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Sunday, October 14, 2018 | 9:30 and 11:00 a.m.
Our Need to Give
Shannon J. Kershner
Pastor, Fourth Presbyterian Church
You are asked in the time that you have to use wisely what you have been given for the kingdom of God. The gifts that you have . . . are not yours to possess, but rather they are yours to improve. . . . If you give serious consideration to this use of your talent, your time, and your treasure, then neither your church nor the whole church of Jesus Christ need ever fear, and for that let the whole church say Amen.
Peter J. Gomes
Sermons: Biblical Wisdom for Daily Living
I am sure that to the disciples he looked like all the others. Another person seeking to find Jesus. Coming up to him and kneeling, hoping to be healed. The disciples saw this kind of thing on a daily basis—the man with the withered hand, the one with the unclean spirit, Jairus and his daughter, the bleeding woman, the blind man, etc. Every day the disciples saw people seek out Jesus, come up to him, kneel and receive healing. So the disciples did not even blink when they saw that particular man come up to Jesus on that day. He looked like all the others—at least to them. But apparently, based on what Mark tells us, he did not look like all the others to Jesus. Jesus knew that something was different, and the difference was obvious as soon as the man opened his mouth.
“Good teacher, what must I do to inherit eternal life?” Already we can hear a few unique nuances in the question. First of all, right before this particular passage, we hear Jesus tell the disciples and the crowd about the necessity of receiving the kingdom of God as a little child. But this man now kneeling wants to know what he needs to do to get it. His use of that action verb do indicates this particular man was someone used to working hard to get what he needed and wanted.
I imagine some of us can relate to that—do, do, do, go, go, go, earn, earn, earn, get, get, get. To add to his pressure, in those days he would have been the patriarch, the head of the household, the one in charge, the one on whom everyone in the entire household depended. That is why every morning when that alarm rang at 4:30 a.m., he got up, put on his suit and tie, and grabbed both the Journal and the Economist on his harried way out the door. “Don’t wait up for me,” he would yell over his shoulder, off to another busy day.
He worked very hard to get what he wanted, what he knew his household needed. That is why his question to Jesus just rolled easily off of his lips: “Good Teacher, what must I do to inherit eternal life?” That brings us to the other interesting nuance. You usually do not have to do anything in order to receive an inheritance other than open your hands in gratitude for someone else’s generosity that continued after death. But again, this man was not a receiver. He was a doer. Therefore he was going to do whatever it took to inherit that eternal life. Jesus might have laughed had the man not been so earnest about it.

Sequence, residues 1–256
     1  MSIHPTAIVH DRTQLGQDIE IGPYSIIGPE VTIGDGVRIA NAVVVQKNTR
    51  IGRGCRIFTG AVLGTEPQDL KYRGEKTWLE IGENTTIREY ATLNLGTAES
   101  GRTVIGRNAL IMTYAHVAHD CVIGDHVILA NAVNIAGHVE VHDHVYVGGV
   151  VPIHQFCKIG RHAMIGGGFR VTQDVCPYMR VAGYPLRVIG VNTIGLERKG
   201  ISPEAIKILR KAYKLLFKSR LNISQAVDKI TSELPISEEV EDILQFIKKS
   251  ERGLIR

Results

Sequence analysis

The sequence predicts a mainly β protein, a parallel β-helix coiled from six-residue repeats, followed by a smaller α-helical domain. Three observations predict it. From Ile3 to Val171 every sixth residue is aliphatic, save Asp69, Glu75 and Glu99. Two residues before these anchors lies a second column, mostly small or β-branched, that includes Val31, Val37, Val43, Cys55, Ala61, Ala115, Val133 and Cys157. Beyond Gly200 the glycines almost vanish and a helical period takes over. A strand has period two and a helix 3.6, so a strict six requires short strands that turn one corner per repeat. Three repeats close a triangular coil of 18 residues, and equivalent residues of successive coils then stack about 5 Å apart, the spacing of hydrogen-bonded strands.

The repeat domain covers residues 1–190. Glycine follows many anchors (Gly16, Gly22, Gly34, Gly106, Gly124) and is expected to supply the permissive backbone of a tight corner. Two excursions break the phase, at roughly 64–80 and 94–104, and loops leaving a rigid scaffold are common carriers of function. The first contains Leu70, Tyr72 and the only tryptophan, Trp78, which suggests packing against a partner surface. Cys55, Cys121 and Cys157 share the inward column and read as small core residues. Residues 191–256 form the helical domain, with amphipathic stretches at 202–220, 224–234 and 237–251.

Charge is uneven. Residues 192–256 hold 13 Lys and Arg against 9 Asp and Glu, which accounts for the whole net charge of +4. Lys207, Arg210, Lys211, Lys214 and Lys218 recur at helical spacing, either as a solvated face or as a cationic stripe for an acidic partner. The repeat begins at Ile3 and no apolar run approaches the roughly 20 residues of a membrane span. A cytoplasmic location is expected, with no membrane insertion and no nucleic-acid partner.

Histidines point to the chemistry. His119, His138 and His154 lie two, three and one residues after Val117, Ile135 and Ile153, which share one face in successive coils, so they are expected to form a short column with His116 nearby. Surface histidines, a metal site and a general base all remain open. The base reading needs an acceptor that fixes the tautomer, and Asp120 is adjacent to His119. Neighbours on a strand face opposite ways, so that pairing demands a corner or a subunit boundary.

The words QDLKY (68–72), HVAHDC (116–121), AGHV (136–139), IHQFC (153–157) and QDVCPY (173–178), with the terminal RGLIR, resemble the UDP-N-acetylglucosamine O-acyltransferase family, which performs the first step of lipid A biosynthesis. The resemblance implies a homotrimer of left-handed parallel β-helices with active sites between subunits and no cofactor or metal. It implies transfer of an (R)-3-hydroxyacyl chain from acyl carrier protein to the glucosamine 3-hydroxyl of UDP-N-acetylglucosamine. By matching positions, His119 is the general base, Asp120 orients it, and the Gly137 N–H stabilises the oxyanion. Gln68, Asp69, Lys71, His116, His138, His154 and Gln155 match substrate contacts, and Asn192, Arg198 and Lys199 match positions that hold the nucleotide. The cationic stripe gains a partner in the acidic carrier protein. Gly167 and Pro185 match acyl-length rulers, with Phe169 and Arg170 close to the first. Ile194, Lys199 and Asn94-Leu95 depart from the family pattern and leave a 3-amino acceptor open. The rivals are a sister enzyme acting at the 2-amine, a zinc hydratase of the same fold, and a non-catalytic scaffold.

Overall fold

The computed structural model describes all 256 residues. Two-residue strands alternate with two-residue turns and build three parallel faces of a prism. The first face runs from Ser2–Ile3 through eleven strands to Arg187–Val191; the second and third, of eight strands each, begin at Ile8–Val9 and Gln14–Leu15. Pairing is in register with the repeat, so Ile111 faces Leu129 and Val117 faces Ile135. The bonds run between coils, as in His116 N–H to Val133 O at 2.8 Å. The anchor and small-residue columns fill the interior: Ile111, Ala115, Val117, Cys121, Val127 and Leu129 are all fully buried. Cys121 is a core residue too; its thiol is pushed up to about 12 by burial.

But he was earnest, and so Jesus responded with a little verbal play of his own: “Why do you call me good? No one is good but God alone [hint, hint—not even really hard-working breadwinners].” Jesus then listed some of the commandments as illustrations of what faithfulness looked like. And immediately after Jesus spoke, the man quickly responded, “Teacher, I have done all these things since my youth.” Check, check, check, check, check. In reflecting on this man’s high level of self-confidence, scholar Kenneth Bailey writes that “in the Talmud, only Abraham, Moses, and Aaron are reported to have kept the whole law. This guy seemed to calmly put himself in rather exalted company” (as quoted by Ched Myers in Binding the Strong Man, p. 273). But even though Jesus knew that, he did not feel frustrated with the man and his lack of self-awareness. Rather, Mark writes “Jesus, looking at him, loved him.”
Now this is where Jesus once again surprises us with his willingness to be God-with-Us, for in order to really look at him, as Mark reports, Jesus must have gotten down on his level. He must have also knelt down, so he could look directly into this man’s eyes, and as he did so, Jesus decided to speak the truth about what he saw. He loved that man so much that he simply could not let him stay the same. So there, in that moment, face-to-face, Jesus confronted him out of that love.
“You lack one thing,” Jesus said. That must have thrown this guy off-guard. He did not lack for anything. No one in his household lacked a single thing. He worked hard to be sure of that. But then Jesus delivered what ended up being a death blow to the guy: “Go, sell what you own and give the money to the poor, and you will have treasure in heaven; then come, follow me.” Jesus looked in that man’s eyes, and he saw that though the man was earnest in his desire to earn his way into the kingdom and possess eternal life, the man was also earnestly captured by his desire to earn his way into the kingdom and possess all that he could.
As Chuck Campbell writes, this man’s weakness was his captivity to the power and principality of possessions (Charles Campbell, “Homiletical Perspective,” Feasting on the Word, Year B, vol. 4, p. 169). A captivity that prevented him from living into the full life of God’s reign—a life defined not by what one owned, but by with whom one was in relationship; a life defined not by earning, but by receiving; a life defined not by what you got, but by what you gave. Jesus looked at this man, and he saw the shackles of the noneconomic power of money (William Sloane Coffin, Credo, p. 59)—the power that money exerts over the definition of who we are. Jesus knew that unless this man was willing to turn from that power and its lordship over him, in order to turn to Jesus’ power and Lordship over him, then that man would never be able to open his hands and receive the whole life given to him by God. It would simply be impossible. As Jesus says in the Gospel of Luke, “You cannot serve God and wealth.”
Here at Fourth Presbyterian Church, we are in the middle of our Annual Appeal for 2019. That means that those of us in leadership hope to secure your promises of what you will financially give to the church in 2019—gifts that will enable us all to keep engaging in both mission and ministry. These promises that we receive from you, also known as pledges, are a big input into the budget that your Session and Trustees will soon design. Because this is so important for the health of this congregation, I could tell you all of the reasons why your financial giving matters. I could tell you stories about how lives are changed as a result of what God does through Fourth Church and Chicago Lights. I know those stories, and you will hear some of them in a variety of ways over the next few weeks.